Shelf Life - Masterton Library

Shelf Life - Masterton Library

Shelf Life Issue 27, Here-turi-kōkā August 2017 Shelf Life Masterton District Library CONTENTS Cover art - Houses...

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Shelf Life

Issue 27, Here-turi-kōkā August 2017

Shelf Life

Masterton District Library

CONTENTS

Cover art - Houses............................................ 2 Are we losing the art of reading?..................... 3 Getting to know your library staff..................... 4 Art treasures in the basement....................... 5 Art we walk past........................................... 6

Cover art Houses makings from my student days Rach Raphael 

English to Māori crossword............................ 8

Made as a series of precious objects to be cradled in the hand

Make your own playdough & non-toxic paint... 8



Meet Libby...................................................... 9 Reasons why art is good for kids &the world... 10

these miniature houses evoke a series of thoughts that almost touchdown within my mind

From the archives - William Newland............ 12



The Last Post at Tinui.................................. 13

fragility - life - fear - opening doors - courage - the sacred - new beginnings - and how we form the life we live

Great art books for tamariki........................ 14 Crossword answers ...................................... 15 What’s on at the library this month.............. 16 Contact us: Masterton District Library 54 Queen Street Masterton PO Box 444, Masterton 5810 P: (06) 370 6253 F: (06) 377 1195 [email protected] www.library.mstn.govt.nz

Follow us: Facebook: Masterton District Library Twitter: @mstnlib Instagram: mstnlib

Compiled by Helena Nimmo, Masterton District Library [email protected]

Like us on Facebook for the latest Library news, events, and some random fun stuff. Page 2 | Here-turi-kōkā August 2017

 As I take the time to revisit and cradle them nine years after their making, their physicality reconnects me with a sense of my younger self, and of the homes she has created and inhabited in the years since then.

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From your library... are we losing the art of reading? “Reading well is one of the great pleasures that solitude can afford you” – Harold Bloom Andy Miller wrote in The Guardian of the traditional pleasures of reading being more complex than just enjoyment. They involve patience, solitude and contemplation. Therefore the books that are most at risk from our attention and integrity deficits are those that require a bit of effort.” In a brilliant essay in New Zealand’s Metro, the writer Eleanor Catton, winner of 2013 Man Booker prize for The Luminaries – a remarkable and groundbreaking novel defines the incompatibility of art and the shopping cart. Reading at Lamp Light by Delphin Enjolras (1857 –1945).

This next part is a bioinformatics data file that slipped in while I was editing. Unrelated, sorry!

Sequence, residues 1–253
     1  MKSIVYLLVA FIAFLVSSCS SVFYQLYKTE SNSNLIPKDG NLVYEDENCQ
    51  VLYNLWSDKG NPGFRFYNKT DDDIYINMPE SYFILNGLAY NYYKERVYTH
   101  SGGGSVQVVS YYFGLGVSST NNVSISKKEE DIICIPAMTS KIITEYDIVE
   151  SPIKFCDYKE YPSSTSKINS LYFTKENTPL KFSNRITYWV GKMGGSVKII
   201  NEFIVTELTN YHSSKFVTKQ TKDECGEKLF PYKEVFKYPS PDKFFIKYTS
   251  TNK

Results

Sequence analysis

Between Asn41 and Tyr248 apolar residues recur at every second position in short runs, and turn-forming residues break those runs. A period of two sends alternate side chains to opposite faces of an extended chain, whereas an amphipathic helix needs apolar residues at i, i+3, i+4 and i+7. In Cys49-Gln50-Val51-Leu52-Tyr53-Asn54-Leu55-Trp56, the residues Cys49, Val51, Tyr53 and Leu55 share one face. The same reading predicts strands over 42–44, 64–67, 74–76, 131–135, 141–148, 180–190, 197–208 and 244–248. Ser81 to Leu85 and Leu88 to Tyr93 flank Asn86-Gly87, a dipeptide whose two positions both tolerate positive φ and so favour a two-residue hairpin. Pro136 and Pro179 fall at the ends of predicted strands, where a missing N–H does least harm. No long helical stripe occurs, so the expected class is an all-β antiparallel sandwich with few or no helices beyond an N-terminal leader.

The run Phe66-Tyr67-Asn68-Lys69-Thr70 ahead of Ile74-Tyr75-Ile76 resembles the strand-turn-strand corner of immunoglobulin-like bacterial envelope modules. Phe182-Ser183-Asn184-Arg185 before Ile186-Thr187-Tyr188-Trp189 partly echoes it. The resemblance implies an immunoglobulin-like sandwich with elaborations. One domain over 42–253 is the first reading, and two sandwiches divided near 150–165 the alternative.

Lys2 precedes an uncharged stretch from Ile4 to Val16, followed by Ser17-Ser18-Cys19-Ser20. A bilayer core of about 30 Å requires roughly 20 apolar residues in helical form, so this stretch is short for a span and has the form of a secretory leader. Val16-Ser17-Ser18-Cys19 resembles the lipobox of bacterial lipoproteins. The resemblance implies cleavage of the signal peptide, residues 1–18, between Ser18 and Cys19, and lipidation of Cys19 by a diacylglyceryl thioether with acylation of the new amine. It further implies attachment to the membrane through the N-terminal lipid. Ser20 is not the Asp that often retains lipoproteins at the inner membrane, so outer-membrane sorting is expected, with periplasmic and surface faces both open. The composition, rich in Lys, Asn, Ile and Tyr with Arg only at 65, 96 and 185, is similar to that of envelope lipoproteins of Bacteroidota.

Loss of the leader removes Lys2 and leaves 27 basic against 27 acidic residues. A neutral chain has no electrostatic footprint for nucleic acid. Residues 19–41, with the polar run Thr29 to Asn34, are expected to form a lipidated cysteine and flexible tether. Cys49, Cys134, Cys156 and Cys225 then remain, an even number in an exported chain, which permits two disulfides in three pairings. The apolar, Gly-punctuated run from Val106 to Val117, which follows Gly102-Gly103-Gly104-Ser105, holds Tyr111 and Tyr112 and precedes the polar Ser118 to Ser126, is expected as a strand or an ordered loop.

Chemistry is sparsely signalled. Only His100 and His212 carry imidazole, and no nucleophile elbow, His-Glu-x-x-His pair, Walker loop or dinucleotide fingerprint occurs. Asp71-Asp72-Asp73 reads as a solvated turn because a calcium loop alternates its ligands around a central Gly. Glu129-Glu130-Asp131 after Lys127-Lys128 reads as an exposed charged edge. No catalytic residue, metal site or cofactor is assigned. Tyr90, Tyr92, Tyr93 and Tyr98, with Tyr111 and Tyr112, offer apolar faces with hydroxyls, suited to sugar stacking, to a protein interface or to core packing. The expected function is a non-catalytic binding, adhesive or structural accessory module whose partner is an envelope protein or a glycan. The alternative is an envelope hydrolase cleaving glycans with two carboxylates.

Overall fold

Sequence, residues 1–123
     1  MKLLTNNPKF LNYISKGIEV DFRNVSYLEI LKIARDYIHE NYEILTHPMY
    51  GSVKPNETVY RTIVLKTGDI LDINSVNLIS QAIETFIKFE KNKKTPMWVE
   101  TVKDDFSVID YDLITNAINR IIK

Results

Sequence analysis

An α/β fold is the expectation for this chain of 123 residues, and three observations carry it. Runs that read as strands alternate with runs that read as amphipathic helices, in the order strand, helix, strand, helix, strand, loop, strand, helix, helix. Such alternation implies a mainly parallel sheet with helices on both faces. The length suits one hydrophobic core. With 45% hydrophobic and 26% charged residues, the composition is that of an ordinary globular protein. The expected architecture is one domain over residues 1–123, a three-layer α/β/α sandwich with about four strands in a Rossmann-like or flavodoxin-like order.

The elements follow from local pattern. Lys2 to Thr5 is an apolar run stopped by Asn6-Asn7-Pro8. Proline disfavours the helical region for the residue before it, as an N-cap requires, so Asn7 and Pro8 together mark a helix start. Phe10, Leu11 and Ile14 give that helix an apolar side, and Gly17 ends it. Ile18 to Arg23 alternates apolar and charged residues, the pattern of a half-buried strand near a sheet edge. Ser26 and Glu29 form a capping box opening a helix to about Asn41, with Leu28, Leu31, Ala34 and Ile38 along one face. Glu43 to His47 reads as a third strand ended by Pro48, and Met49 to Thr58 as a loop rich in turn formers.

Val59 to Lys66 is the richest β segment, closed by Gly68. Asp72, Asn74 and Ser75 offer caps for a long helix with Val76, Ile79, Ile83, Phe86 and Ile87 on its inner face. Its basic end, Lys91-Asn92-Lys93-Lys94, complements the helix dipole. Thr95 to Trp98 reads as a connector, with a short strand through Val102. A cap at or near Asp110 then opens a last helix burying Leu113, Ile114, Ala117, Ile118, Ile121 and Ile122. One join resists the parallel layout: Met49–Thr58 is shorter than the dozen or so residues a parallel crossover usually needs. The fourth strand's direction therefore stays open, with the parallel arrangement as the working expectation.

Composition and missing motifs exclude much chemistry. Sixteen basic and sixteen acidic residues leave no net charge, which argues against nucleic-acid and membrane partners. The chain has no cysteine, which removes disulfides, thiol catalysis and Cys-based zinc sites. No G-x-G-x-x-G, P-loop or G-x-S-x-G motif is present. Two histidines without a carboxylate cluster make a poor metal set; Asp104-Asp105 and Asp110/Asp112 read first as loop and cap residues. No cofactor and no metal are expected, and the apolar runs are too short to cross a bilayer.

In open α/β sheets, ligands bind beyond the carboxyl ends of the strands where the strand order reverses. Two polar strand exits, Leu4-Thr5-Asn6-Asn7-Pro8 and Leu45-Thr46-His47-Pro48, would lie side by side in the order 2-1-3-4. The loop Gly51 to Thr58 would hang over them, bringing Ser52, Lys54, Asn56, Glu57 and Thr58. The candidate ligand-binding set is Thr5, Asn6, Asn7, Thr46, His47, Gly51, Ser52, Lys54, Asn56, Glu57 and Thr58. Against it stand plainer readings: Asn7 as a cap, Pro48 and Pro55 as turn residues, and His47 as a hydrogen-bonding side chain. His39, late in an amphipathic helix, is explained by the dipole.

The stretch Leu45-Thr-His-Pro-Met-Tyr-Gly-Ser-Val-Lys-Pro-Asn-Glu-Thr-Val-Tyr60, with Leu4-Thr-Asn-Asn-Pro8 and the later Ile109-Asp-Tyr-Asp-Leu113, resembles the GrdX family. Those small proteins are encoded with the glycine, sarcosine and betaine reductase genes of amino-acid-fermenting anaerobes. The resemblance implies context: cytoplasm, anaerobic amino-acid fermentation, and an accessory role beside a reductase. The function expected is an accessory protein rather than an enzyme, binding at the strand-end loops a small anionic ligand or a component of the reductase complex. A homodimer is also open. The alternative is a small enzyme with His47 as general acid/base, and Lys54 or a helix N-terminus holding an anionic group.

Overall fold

“Consumerism,” she writes, “requiring its products to be both endlessly desirable and endlessly disposable, cannot make sense of art, which is neither.”

Reading Orpheu 2 ‘We all know how to read, do we know how to read artfully?’ is a question raised in the Art of Reading Course by Professor Timothy (1954) - José Almada Spurgin. He talks about reading to revel in the literary experience. Negreiros (18931970) (detail). For most of us reading is the escape we need from the busy lives we lead and we do not always have the opportunity Detail of The Garden to read with patience, solitude and contemplation. Do we get the most out of the time we invest in of Earthly Delights (1515) by Hieronymus reading? It has been suggested that many of us could become more skillful at reading, retention and Bosch (1450-1516) understanding.

Children reading (1916) by Pekka Halonen (1865 - 1933).

I used to feel that having chosen a book and invested time in reading some of it I should read the whole book. I now stop reading a Girl Reading at a Table (1934) by book when it no longer serves a purpose for me. There are so many books out there and I Pablos Picasso (1881 – 1973). only have so much time. Whether that means that I am reading artfully or not I am not certain but I certainly enjoy the solitude and contemplation of reading and revel in the literary experience no matter what it is I am reading. – Sandy Green, Library Manager

Here-turi-kōkā August 2017 | Page 3

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Masterton District Library

Getting to know your library staff... Helena Nimmo Where were you born? Timaru, but I grew up in Ōtautahi (Christchurch). What was your favourite book from childhood? The BFG by Roald Dahl. Not my favourite, but possibly the most memorable for its impact was Under The Mountain by Maurice Gee. What is your position at Masterton Library? Team librarian and new editor of this here magazine you’re holding in your hand. Have you had any previous, non-librarian, jobs? Dishwasher, “tea lady”, administrator, website stuff... What are you reading at the moment? The Lacuna by Barbara Kingsolver. I enjoy books set in Latin America, maybe because it’s the home of the magic realism genre – fiction “characterized by the matter-of-fact inclusion of fantastic or mythical elements into seemingly realistic fiction”*. Magic realism authors include Gabriele Garcia Marquez (100 Years of Solitude), Laura Esquivel (Like Water for Chocolate), Kurt Vonnegut (Slaughterhouse Five), Angela Carter (Black Venus) and Toni Morrison (Beloved). One of my all-time favourite series of books is Louis de Berniers’ Latin American trilogy that begins with The War of Don Emmanual’s Nether Parts. Name a book you haven’t read but know you should: Michael King’s History of New Zealand. If you had one magazine subscription it would be for... Well I was going to say Mana but I’ve just found out that it’s not being published anymore! If you were stranded on a desert island, what one book would you want with you? The Anatomy of Melancholy by Robert Burton. Printed in 1621 it has been described as one of the most unusual and messiest books in the English language. It is a huge and [apparently] entertaining book about what we would now call depression. Samuel Johnson said it was the only book “that ever took him out of bed two hours sooner than he wished to rise”. It could also double as a pillow and would probably keep a fire burning for a night. * https://www.britannica.com/art/magic-realism Page 4 | Here-turi-kōkā August 2017